Welcome to the Rye Museum website! There is lots to explore. Click on a slideshow photo or the photos in the other boxes to see the whole article. Click on a topic at right for a choice of articles in that category. For other tips on using the site click here. For other current news keep scrolling down.
Ready for a New Year at the Museum?
Besides the Events box at right which will tell you about the next talk, click on Events Jan-March under Top Picks Rye Museum to find out who else will be talking about what at East Street during the coming year. Much else is planned, of course: children’s activity days — see below for the first one, coffee mornings, special exhibitions . . . Watch this space! And in the meantime if you have somehow not got yourself to the Ypres Tower (and the Women’s Tower) lately, do go. It is open every day and there have been many additions and improvements over the past months.
While East Street is now closed until Easter — except for those events just mentioned — we plan to build on the great success of last year’s April – October season when, thanks to a stop-and-look banner and FREE admission — and wonderful volunteer stewards — we attracted over 8000 visitors to our second site! That meant a whopping increase in visitor numbers over the same period last year of over 605%!
It’s All About the Sea!
Children’s Activity Day: Wednesday 18th February 2-4 pm
Children can come along to East Street Museum on Wednesday 18th February for some half term fun making things to do with the sea. There will be craft activities – painting, sticking and modelling, suitable for ages 4-10. There is a small charge to cover materials for items made to take home. Children must be accompanied by an adult. Refreshments available.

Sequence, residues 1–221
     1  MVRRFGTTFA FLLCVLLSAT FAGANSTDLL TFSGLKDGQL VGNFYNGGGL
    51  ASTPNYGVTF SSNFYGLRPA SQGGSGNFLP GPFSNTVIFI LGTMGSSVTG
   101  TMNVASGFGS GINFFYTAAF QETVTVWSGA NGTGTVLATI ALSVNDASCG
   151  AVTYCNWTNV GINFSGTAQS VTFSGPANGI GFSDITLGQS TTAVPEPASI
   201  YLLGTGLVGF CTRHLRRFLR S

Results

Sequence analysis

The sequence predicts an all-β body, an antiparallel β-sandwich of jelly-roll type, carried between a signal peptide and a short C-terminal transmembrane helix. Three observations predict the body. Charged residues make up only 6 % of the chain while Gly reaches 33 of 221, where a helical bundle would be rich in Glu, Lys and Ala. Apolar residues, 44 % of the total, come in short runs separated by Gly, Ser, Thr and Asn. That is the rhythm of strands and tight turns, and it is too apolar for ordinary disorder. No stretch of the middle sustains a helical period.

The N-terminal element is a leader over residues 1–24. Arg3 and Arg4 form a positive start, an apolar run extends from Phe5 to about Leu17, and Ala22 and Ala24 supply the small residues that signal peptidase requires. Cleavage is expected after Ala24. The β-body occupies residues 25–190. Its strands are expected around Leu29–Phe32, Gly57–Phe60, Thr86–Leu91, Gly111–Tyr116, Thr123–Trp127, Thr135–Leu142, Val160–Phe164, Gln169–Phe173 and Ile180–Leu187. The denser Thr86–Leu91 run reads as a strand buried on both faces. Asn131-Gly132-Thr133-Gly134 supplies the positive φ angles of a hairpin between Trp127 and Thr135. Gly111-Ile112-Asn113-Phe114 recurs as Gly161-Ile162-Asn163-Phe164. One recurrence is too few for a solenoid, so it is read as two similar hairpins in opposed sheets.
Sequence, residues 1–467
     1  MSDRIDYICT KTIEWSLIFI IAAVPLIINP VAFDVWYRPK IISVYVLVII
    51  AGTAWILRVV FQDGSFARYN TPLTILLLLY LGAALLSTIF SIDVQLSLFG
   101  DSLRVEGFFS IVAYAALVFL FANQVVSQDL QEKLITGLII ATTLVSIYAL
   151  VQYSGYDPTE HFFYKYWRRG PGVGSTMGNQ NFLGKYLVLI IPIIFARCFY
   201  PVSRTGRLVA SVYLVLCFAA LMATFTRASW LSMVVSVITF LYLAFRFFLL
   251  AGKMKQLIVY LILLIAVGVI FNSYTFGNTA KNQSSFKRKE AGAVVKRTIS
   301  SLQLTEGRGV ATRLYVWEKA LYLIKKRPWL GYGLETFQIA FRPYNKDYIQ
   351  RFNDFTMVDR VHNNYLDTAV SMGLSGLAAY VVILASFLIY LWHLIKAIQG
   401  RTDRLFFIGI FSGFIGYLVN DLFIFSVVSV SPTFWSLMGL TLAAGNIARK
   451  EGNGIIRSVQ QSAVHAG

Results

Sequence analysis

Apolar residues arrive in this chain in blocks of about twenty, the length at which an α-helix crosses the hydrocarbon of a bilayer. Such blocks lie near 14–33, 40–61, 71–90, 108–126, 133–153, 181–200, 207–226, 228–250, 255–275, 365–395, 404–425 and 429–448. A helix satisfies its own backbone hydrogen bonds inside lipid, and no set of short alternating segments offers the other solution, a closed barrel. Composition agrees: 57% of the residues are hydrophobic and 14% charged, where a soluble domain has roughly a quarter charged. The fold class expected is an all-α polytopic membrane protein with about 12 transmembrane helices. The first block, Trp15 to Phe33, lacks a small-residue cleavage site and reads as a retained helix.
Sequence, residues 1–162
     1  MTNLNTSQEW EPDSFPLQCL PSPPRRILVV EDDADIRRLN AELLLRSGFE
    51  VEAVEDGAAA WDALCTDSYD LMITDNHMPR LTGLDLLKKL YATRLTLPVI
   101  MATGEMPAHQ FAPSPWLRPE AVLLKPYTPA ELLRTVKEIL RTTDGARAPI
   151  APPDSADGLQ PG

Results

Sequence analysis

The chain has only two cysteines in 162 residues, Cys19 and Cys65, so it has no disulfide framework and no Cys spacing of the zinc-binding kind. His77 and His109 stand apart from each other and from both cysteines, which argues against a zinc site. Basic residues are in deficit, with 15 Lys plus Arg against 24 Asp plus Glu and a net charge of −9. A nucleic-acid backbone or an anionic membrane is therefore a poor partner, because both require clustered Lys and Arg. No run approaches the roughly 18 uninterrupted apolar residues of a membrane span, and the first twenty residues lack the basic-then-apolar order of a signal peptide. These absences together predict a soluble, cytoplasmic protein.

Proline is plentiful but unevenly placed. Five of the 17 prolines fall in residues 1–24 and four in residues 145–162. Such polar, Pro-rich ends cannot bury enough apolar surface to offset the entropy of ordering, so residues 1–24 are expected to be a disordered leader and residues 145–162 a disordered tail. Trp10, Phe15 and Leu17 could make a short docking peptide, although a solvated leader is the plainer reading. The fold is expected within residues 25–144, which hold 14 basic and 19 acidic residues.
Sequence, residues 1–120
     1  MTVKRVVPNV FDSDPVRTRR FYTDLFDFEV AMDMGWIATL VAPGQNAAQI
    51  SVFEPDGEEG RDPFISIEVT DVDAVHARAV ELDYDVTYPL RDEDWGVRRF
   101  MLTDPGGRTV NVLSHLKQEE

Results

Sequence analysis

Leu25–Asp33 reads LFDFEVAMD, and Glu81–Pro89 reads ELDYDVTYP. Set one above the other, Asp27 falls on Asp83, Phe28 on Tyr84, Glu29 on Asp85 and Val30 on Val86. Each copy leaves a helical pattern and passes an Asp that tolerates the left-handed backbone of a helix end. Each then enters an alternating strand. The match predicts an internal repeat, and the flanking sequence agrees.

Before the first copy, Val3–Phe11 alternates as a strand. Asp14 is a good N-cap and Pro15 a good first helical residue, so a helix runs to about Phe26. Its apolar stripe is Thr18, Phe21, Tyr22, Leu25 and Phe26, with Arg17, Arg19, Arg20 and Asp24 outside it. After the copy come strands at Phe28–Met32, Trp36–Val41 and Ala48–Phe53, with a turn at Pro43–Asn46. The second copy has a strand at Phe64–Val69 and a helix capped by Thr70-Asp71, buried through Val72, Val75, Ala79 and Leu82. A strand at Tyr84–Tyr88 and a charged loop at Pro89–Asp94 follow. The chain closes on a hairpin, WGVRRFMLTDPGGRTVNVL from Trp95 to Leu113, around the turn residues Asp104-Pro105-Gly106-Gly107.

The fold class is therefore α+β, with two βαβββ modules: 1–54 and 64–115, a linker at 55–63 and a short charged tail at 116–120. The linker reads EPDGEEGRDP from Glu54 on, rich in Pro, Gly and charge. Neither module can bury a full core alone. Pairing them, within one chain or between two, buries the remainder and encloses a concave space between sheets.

WACOR Project Videos
If you didn’t click on the Slideshow photo above of some of the children featured in the video series, do so now to see any or all of the four YouTube products of the very successful WACOR Project. So many more people of all ages have become acquainted with the Museum and what it offers, and learned a great deal about Rye while having a great deal of fun. Many thanks to all those who took part and supported!
MEDIEVAL CONFERENCE 18th October
Indeed the distinguished speakers and the many participants from throughout Britain did make for a most stimulating Medieval Conference at the Milligan Theatre, Rye College on Saturday October 18th.
This year’s theme was The Hazards of Life and Causes of Death in Late Medieval England. We all learned much and several myths about health hygiene during the period were demolished. [Do you think our problems are new? Ray Prewer compares Then and Now in a makes-you-smile-and-think piece on the Conference in RyeNews. Click for it here.]
(Click to enlarge photos.)
- ‘Poky pigges and stynkynge makerels': Food Standards and Urban Health in Late Medieval England
- An Archaeology of Disease: Leprosy and Leprosaria in Medieval England
- The Black Death|: Fact or Fiction?
- Growing Pains: Adolescent Life Experiences and Expectancy of Medieval Scholars
- The Incidence of Accidents. Broken Bones and Death by Misadventure in the Proofs of Age
Rye Museum is most grateful to the Rye Academy Trust, the Rye Fund and Entertainment Workshops Rye for their support for this event and also to Jordan Seabrook, a student at Rye Studio School, for designing the publicity poster and students of both Rye College and the Studio School for their assistance at the event.